Tom Cruise, Morgan Freeman face 'Oblivion' in new posters
Oblivion is taking Tom Cruise to a now-familiar place — a sci-fi setting where a disconnected soul confronts hard choices and a mystery that makes him question his assumptions about the world around him. That was the case in Minority Report, Vanilla Sky and War of the Worlds and it’s also the case in the April 12 film that stars Cruise as Jack Harper, a repair worker in a distant future where (like WALL-E or the Maytag repairman) his days are defined by his solitary duties. The film is directed by Joseph Kosinski (Tron: Legacy) and based his graphic novel.
Some new images from the film nod to the tone Kosinski was seeking as he shot in 4K resoultion in Iceland and parts of the United States. The film costars Morgan Freeman, Olga Kurylenko, and Melissa Leo. Here’s more from the Universal Pictures summary:
“On a spectacular future Earth that has evolved beyond recognition, one man’s confrontation with the past will lead him on a journey of redemption and discovery as he battles to save mankind. Jack Harper (Cruise) is one of the last few drone repairmen stationed on Earth. Part of a massive operation to extract vital resources after decades of war with a terrifying threat known as the Scavs, Jack’s mission is nearly complete.Living in and patrolling the breathtaking skies from thousands of feet above, his soaring existence is brought crashing down when he rescues a beautifulstranger from a downed spacecraft. Her arrival triggers a chain of events that forces him to question everything he knows and puts the fate of humanity in his hands.”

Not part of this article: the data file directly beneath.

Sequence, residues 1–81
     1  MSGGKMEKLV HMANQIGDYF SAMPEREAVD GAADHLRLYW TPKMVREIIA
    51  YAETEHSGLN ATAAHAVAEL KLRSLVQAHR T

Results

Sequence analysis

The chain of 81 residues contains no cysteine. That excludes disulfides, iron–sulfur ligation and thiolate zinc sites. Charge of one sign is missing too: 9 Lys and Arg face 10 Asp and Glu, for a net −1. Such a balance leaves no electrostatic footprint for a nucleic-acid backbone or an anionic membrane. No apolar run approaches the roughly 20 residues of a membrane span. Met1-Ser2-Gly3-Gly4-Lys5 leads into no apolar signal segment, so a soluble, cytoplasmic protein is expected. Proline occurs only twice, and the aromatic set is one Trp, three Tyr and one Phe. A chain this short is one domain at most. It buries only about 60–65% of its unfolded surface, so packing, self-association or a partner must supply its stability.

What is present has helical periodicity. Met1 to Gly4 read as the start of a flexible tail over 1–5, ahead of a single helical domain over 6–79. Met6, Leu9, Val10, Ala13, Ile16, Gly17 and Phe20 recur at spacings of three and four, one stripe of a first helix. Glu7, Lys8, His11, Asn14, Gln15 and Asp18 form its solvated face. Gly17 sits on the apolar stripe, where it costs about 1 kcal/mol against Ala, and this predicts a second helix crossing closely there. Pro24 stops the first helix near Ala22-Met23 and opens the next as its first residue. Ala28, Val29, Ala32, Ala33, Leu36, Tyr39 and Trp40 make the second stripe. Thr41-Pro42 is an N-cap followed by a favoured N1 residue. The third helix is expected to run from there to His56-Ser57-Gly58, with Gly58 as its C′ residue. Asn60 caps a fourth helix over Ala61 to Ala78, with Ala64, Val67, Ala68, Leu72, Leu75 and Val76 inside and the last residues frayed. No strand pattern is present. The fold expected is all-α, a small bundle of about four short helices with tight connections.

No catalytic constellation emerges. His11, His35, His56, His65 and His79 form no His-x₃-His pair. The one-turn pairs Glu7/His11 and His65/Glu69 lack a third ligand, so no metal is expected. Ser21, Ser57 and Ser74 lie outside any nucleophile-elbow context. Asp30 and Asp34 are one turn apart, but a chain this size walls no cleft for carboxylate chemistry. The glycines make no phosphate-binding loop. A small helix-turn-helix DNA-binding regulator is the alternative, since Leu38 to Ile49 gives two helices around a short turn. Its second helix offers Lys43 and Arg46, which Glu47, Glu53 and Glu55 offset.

Kosinski explained back in 2010 that Rod Serling’s spirit was in his mind when the tale for the movie’s source material, a grpahic novel from Radical Publishing. “It’s a sci-fi adventure that spans two different worlds and two different times. It’s epic in terms of its scale and scope, but it’s a character driven story with a small cast…I first came up with the concept when I moved from New York to Los Angeles. I was inspired by old sci-fi models like The Twilight Zone to find an emotional, dramatic story that would raise interesting questions and play with perspective.”